After performing an ELISA on IL-17 in the supernatants from a forgotten experiment that stood way too long in the incubator, namely a week, I was able to measure IL-17. By using human fresh serum at a concentration of 10%, I was able to optimize the C. albicans-induced IL-17. This experimental setup opened an opportunity to study the Th17 response in humans.

As an internist specialized in infectious diseases I was not only interested in fungal infections, but also in other infectious diseases such as tuberculosis. M. tuberculosis is recognized by some of the same receptors as C. albicans and by using the same approach as with the C. albicans-induced Th17, I was able to identify the major pathways involved in the induction of the MTB-specific Th17 response.

When I was working on this project I had the privilege to work with Prof. Charles Dinarello, who has cloned and described IL-1, and who was on sabbatical in our lab. The dominant role for IL-1 and its regulating factors in this project opened many discussions with him and has resulted in new and exciting scientific projects.

SW: Where do you see your research leading in the future?

"TB is a major public health problem with an estimated two million deaths per year."

I recently got back from Denver where I worked in Charles Dinarello's laboratory on the functional roles of the new IL-1 family members. One of the major projects that I am focusing on at the moment is the role of the new IL-1 family members IL-36, IL-37, and IL-38 in polarizing T-helper responses in infectious diseases, for which I received a VENI grant from The Netherlands Organization for Scientific Research (NWO).

Furthermore, I want to elucidate the pathophysiological mechanisms that underlying allergic bronchopulmonary aspergillosis (ABPA). This is a very exciting project for me, since it integrates the fungal immunological knowledge that I have gathered over recent years with clinical practice with the aim of optimizing patient care. The Nijmegen Centre for Molecular Life Sciences (NCMLS) from the Radboud University Nijmegen Medical Centre in the Netherlands has funded this project.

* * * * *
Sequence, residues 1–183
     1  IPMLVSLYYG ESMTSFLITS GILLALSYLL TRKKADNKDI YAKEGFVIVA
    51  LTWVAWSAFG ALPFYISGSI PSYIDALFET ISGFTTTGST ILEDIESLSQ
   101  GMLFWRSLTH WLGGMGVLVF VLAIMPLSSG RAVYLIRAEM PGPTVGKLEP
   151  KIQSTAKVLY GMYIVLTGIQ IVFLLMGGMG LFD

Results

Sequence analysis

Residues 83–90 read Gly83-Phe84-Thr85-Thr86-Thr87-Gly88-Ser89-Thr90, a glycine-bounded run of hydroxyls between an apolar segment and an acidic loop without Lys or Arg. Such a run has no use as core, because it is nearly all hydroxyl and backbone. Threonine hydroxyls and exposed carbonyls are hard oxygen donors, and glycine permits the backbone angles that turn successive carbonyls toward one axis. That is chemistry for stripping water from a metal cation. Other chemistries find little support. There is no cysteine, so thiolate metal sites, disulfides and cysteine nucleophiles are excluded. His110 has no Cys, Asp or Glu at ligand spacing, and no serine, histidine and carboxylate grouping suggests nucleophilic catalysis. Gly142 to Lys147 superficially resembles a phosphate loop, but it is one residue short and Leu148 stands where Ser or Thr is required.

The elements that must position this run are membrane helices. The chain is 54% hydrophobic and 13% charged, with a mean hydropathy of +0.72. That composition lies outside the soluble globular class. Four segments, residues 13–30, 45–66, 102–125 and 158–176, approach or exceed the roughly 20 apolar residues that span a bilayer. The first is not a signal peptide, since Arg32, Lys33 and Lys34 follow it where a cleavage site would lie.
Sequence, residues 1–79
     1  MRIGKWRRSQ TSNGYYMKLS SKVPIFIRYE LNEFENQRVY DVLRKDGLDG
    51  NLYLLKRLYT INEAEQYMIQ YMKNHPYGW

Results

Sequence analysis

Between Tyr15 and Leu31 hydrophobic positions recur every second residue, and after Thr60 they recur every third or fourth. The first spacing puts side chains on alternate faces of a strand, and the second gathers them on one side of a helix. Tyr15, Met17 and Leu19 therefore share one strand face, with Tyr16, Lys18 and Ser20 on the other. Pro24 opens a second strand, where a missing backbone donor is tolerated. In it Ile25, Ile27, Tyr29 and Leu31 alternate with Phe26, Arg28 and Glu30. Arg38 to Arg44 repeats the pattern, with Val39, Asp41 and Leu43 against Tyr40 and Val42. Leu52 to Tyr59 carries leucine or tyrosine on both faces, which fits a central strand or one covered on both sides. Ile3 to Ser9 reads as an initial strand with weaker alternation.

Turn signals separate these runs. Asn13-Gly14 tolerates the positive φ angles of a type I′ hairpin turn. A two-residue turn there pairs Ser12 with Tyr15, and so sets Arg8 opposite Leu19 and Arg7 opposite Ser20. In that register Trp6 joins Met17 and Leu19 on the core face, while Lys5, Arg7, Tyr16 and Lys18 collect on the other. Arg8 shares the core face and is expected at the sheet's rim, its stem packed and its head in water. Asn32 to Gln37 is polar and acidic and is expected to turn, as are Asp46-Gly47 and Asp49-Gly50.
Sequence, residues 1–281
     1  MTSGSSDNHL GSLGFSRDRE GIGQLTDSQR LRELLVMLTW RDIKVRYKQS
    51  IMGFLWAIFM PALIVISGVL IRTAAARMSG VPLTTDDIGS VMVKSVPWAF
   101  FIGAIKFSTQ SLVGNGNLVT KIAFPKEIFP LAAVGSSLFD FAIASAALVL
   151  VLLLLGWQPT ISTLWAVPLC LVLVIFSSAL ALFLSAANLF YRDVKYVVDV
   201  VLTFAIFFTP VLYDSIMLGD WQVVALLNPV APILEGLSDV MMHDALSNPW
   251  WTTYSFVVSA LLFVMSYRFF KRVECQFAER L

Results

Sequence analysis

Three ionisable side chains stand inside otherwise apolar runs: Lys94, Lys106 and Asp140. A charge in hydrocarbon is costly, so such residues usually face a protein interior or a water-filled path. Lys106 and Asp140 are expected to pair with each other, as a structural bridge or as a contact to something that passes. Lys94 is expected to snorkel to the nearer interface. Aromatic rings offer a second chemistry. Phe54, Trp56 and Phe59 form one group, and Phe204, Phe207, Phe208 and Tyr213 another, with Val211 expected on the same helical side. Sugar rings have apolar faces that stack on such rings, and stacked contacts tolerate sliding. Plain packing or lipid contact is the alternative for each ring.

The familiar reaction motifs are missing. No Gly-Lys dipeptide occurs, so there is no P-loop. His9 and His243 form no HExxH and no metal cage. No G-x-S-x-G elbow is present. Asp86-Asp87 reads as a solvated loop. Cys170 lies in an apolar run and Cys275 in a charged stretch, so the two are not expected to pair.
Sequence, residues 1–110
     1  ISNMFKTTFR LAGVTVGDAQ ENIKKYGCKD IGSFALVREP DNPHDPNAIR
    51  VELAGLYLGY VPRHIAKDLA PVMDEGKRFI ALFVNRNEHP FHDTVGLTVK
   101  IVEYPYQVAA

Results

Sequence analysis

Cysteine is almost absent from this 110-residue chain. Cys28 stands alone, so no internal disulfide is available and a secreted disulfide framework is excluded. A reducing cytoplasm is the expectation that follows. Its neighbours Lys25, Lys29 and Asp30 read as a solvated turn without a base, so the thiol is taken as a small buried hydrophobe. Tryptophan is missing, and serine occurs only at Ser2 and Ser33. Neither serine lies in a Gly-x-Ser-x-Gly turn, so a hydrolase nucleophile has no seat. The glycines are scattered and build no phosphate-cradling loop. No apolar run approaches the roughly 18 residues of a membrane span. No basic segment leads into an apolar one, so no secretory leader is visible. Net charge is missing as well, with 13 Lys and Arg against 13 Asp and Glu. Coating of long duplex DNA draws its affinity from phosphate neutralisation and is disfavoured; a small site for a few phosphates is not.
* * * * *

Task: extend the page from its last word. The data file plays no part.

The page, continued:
These two projects will be the main focus of my future research and could only be made possible because of my past research activities.

SW: Do you foresee any social or political implications for your research?

These studies are expected to set the stage for the development of new treatment options against bacterial and fungal infections. Experts are warning for the rise of the incidence in "superbugs;" microorganisms that are practically resistant to all available antibiotics. Moreover, the rate of mortality and morbidity that is associated with invasive fungal infections is still unacceptably high despite our current treatment arsenal.

I believe that understanding the interplay between the new IL-1 family members and adaptive immunity could have an important impact both on our understanding of immunity in terms of signaling networks, and has the potential to have a direct impact on the development of immunomodulatory treatment for patients with bacterial and fungal infections. Furthermore, it could provide a basis for designing new vaccines for the prevention of infectious diseases or even lead to new treatment options in patients with autoimmune diseases.End

Frank L. van de Veerdonk, M.D., Ph.D.
Radboud University Nijmegen Medical Centre
Internal Medicine, Infectious diseases
Nijmegen, the Netherlands

KEYWORDS: HOST DEFENSE, MTB, IL-1 RECEPTOR PATHWAY, TH17 CELLS, TOLL-LIKE RECEPTORS, T-HELPER CELLS, MANNOSE RECEPTOR, CANDIDA ALBICANS, DENDRITIC CELLS, IMMUNE RESPONSE, RECOGNITION, INDUCTION, INFECTION, INNATE.